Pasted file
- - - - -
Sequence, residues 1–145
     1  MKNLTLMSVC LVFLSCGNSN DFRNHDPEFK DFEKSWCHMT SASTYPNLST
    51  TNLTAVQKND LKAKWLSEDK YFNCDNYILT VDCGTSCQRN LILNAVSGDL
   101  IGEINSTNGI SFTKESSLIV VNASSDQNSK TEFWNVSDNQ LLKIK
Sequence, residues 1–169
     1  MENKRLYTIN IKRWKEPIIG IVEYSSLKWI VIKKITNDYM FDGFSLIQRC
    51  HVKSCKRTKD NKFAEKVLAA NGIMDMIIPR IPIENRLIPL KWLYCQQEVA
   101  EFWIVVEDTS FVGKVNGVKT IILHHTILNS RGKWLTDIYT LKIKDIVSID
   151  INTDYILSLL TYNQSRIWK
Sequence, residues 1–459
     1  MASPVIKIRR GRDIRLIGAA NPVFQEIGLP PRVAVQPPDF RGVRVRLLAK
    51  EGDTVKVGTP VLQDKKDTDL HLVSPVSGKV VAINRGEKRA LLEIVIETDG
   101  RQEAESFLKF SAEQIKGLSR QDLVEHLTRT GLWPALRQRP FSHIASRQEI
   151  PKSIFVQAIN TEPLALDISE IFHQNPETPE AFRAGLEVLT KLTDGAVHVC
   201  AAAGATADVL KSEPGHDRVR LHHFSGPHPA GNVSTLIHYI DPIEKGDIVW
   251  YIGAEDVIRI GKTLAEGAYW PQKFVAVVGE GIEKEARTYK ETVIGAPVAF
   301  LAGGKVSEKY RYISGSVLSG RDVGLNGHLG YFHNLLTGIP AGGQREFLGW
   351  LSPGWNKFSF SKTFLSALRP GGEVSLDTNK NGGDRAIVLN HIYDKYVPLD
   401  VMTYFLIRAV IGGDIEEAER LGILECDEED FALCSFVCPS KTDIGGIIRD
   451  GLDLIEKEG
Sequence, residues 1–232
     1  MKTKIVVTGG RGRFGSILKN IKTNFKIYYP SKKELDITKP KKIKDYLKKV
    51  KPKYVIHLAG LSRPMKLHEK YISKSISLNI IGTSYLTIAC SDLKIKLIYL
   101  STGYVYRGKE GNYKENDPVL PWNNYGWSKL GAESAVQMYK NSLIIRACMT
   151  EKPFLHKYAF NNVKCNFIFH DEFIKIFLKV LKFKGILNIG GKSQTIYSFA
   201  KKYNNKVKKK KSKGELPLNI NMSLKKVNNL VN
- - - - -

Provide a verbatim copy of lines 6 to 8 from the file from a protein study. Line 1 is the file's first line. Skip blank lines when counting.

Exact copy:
     1  MENKRLYTIN IKRWKEPIIG IVEYSSLKWI VIKKITNDYM FDGFSLIQRC
    51  HVKSCKRTKD NKFAEKVLAA NGIMDMIIPR IPIENRLIPL KWLYCQQEVA
   101  EFWIVVEDTS FVGKVNGVKT IILHHTILNS RGKWLTDIYT LKIKDIVSID